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I've recently started using WebGL on a site I'm developing. It's being used as an enhancement, and the site falls back to a canvas rendering if WebGL is not supported or has an error.

Unfortunately when a WebGL exception occurs in Google Chrome, an error message bar appears. This bar does not disappear until the user interacts with it. If they reload or navigate to a different page, the message will re-appear the next time the site tries to use WebGL.

In the case of my site, this means that the WebGL error message will never go away because each page attempts to use WebGL. Once an error has occurred Chrome will not use WebGL again on the same site until the user tells it to Reload, so the continuous error message doesn't actually indicate continuous errors, just continuous attempts to use WebGL.


Once a WebGL error occurs, this dialog can be reproduced on that site just by running:

document.createElement('canvas').getContext('experimental-webgl');

This does not raise any exception, and my .onerror method on the canvas element wasn't called.

I haven't been able to investigate this too deeply because I have not been able to reliably reproduce a WebGL error. (Even if I could reproduce one on my computer, it may not be reproducible on others.)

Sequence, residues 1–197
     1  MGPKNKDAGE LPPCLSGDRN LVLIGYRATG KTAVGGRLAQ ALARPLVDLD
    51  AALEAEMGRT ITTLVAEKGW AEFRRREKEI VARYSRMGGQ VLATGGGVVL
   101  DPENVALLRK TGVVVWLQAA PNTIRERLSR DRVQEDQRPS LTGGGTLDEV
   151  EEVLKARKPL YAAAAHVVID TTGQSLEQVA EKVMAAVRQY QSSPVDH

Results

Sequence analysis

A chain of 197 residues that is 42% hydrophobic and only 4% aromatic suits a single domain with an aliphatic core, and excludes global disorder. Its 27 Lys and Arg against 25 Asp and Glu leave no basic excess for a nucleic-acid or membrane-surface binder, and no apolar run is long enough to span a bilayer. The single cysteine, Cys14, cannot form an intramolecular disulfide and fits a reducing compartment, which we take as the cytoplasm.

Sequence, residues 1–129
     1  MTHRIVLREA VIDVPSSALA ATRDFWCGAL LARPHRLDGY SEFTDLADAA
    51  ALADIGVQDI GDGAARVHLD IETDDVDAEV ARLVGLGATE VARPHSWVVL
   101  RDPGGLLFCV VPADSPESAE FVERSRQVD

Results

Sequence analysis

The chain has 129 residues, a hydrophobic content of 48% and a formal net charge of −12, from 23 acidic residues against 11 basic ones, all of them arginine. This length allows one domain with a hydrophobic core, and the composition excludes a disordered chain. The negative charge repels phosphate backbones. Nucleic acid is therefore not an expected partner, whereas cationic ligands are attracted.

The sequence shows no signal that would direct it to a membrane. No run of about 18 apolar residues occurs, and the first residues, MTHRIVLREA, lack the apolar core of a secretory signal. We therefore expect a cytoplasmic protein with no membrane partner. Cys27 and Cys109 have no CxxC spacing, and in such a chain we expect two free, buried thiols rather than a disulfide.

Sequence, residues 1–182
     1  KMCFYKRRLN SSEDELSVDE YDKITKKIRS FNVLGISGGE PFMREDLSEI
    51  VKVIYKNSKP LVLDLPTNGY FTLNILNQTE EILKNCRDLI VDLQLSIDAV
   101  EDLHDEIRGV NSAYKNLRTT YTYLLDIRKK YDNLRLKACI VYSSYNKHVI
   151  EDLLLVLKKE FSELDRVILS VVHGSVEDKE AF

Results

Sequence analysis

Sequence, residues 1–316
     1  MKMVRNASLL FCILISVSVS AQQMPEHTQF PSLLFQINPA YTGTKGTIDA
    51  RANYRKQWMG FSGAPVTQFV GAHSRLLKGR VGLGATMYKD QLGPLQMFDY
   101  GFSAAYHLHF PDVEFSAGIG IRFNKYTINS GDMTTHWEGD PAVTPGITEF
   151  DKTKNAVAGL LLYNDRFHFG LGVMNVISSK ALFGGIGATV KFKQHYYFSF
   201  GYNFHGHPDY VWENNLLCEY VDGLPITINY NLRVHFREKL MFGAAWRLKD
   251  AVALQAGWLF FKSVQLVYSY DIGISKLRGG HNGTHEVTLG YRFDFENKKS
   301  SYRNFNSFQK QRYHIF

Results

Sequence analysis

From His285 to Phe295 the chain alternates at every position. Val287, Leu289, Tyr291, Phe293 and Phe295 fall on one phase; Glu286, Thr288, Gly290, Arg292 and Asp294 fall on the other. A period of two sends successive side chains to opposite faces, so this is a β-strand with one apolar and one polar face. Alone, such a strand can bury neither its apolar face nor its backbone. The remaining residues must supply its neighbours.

This behaviour would be reasonable for a site that relied on WebGL, but mine does not, so the message is just distracting and confusing to users.

Is there any way to suppress this error message? I don't mind falling back to the Ignore behaviour of having WebGL disabled once an error occurs.

  • FYI a lot of sites have this problem like SO careers or CNBC. It happens on my Samsung s3 but not my mot RAZR maxx hd – Bob Mar 5 '16 at 5:12
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If you want to ignore the exception, then the following should be enough.

canvas.addEventListener("webglcontextlost", function(e) { e.preventDefault(); Stopdrawing(); }, false); 

If you want to retry loading the webgl context

canvas.addEventListener("webglcontextrestored", function (event) {initializeResources();  }, false);

EDIT:

If you want to test if the context get handled correctly then make use of the WEBGL_lose_context extension on the webgl context.

gl.getExtension("WEBGL_lose_context").loseContext()
gl.getExtension("WEBGL_lose_context").restoreContext()
  • Thanks, I'll give that a shot the next time I reproduce the error. – Jeremy Banks Aug 22 '13 at 14:43
  • 3
    I can't seem to make this work. OpenGL seems to still regularly give me the RATS exception. – pip Oct 27 '14 at 11:35
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Took me ages to solve this problem - it seems that the Rats! error came about when resizing a canvas which had a 3D context based on it when using Chrome. The solution was to catch the resize via a listener and recreate the canvas and context at that point. Hope that helps.

0

One can fix this issue by disabling WebGL on Chrome browser. If It won't work for you, then try to disable Hardware acceleration.

You can check this blog post "https://geekermag.com/chrome-rats-webgl-hit-a-snag/" full detailed instructions

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